The final document, which can exceed 600 pages, goes through a peer-review process involving societies other than the AAOS. This “public comment period” is followed by a structured review and approval process within the AAOS that takes the guideline all the way up to the Board of Directors. The finalized guideline is posted on the AAOS Web site, at www.aaos.org/guidelines

The AAOS currently has 11 such guidelines in development.

Use and value of CPGs
The transparent, structured process used to develop CPGs makes them easy to use and difficult to abuse. Evidence-based CPGs are being used to develop quality measures and can be used to support referrals when they are questioned by insurance companies; they also serve as education tools for patients.

On a national level, evidence-based CPGs are a direct means of quality improvement and play an important role in the development of performance measures for pay-for-performance reimbursement programs. The AAOS evidence-based CPGs are giving the practicing orthopaedist a voice in this area.

On a local level, authoritative, society-based CPGs constructed in the manner described above can be used to inform and influence hospital guidelines to promote best practices. They also minimize the use of opinion-based guidelines and can be used to challenge payors’ decisions that are not based on high-quality evidence.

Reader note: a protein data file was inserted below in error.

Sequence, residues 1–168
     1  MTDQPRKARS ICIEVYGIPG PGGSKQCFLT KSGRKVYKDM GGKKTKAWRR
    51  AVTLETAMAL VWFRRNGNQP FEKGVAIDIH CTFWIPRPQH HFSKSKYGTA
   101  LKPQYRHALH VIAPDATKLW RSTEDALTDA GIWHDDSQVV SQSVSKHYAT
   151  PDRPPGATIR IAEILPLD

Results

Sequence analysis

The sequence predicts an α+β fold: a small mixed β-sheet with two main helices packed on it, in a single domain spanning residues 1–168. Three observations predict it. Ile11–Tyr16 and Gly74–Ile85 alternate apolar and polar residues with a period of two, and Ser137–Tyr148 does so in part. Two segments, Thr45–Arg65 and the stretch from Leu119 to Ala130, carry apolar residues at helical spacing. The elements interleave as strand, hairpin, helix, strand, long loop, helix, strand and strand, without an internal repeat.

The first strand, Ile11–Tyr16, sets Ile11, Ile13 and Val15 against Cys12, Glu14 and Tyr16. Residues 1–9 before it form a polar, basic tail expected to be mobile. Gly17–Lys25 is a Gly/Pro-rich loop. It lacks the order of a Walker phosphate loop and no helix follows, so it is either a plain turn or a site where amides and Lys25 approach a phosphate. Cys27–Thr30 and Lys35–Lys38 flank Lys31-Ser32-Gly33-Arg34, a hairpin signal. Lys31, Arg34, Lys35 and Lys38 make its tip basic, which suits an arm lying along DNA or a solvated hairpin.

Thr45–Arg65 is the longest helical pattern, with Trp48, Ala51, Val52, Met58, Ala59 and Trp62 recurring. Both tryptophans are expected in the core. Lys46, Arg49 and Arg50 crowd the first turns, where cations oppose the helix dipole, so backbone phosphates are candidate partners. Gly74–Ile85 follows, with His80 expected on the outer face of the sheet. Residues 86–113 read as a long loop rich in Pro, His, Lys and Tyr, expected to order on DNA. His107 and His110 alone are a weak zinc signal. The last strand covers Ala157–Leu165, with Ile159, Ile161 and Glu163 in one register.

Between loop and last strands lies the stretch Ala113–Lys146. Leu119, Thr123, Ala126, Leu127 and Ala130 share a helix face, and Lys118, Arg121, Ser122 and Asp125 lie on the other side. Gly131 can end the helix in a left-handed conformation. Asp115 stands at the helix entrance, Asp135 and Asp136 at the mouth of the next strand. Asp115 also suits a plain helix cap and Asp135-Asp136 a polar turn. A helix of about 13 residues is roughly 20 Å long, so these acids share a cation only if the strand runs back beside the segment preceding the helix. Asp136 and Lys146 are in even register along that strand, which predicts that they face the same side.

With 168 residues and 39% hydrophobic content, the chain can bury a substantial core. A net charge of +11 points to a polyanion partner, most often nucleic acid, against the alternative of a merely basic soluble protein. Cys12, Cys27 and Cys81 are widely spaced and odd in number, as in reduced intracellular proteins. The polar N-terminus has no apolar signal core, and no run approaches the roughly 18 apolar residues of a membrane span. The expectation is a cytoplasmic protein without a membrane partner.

Finally, on a more personal level, evidence-based CPGs relieve the practicing physician of the burden of attempting to read and evaluate all the information being published in an area of practice. Evidence-based CPGs promote good clinical practice by reviewing, rating, and synthesizing this large amount of literature and then making an unbiased, evidence-based series of recommendations on clinical problems. In this manner, evidence-based CPGs serve to improve physician per­formance and patient outcomes.

William C. Watters III, MD, is chair of the AAOS Guideline and Technology Oversight Committee. His disclosure information is available online at www.aaos.org/disclosure

For more information, refer to the Institute of Medicine’s Clinical Practice Guidelines: Directions for a New Program, edited by Marilyn J. Field and Kathleen N. Lohr, available online at http://www.nap.edu/openbook